Following in the environmentally conscious footsteps of leading data center power users like Apple, Google and eBay, financial service provider JPMorgan Chase recently announced they would utilize Bloom Energy fuel cells to provide energy to the company’s Delaware data center.
One of the early adopters of the green natural gas conversion technology, JPMorgan Chase will install a pilot 500 kilowatt “Bloom box” power system to power its Morgan Christiana, Del., site, according to ZDNet.
Bloom Energy recently announced that it will be opening a new manufacturing plant in the state as well. Bill McHenry, JPMorgan Chase global head of property operation, said this will allow the company to keep a close eye on the pilot technology at the Christiana site, stated Fuelcellsworks.
“We hope to expand the pilot as we move forward,” McHenry said at the plant’s opening, according to Fuelcellsworks. “We are able to not only improve our facility right here in Delaware, but also fulfill our companywide commitment to investing in new technologies designed to reduce our impact on the planet.”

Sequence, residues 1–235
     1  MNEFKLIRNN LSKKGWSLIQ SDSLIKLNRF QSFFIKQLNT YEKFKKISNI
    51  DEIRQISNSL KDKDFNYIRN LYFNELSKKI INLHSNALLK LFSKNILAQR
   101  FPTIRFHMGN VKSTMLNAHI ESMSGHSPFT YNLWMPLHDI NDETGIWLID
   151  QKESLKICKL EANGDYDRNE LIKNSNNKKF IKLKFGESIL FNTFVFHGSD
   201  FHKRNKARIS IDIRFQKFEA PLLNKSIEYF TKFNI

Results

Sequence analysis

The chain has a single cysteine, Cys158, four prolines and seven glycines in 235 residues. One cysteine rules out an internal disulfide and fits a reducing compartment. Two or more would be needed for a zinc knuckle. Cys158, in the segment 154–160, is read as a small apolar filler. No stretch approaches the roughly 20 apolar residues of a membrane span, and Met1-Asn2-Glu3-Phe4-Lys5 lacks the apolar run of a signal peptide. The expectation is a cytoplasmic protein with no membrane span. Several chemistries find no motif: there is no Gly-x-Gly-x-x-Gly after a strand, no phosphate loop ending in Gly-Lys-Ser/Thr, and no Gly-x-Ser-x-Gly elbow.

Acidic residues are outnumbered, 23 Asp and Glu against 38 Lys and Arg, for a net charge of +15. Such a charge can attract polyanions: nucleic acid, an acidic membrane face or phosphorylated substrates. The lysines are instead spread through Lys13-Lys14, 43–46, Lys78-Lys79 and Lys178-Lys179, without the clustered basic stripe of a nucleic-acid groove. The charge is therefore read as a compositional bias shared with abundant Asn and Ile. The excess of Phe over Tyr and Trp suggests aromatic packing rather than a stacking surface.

ZDNet contributor David Chernicoff said some may be familiar with fuel cell technology from its use in the aborted Apollo 13 space mission. However, the Bloom fuel cells do not require highly volatile liquid oxygen. The data center power alternative generates energy from natural gas through an electrochemical reaction.
Because the system does not draw on the local power infrastructure, it makes fuel cells an environmentally conscious power alternative for data center design. Additionally, Chernicoff stated that natural gas prices are at an all time low in the U.S., making such technology increasingly beneficial for customers. Recently, the natural gas market experienced a significant drop in customer prices, as low as $2 per million BTU (British thermal unit) in April 2012. While prices are currently in the $3 per million BTU range, this cost of natural gas is attracting businesses seeking financial benefits.
Furthermore, utilizing the energy cells to power the facility makes JPMorgan Chase eligible for data center tax incentives for green energy.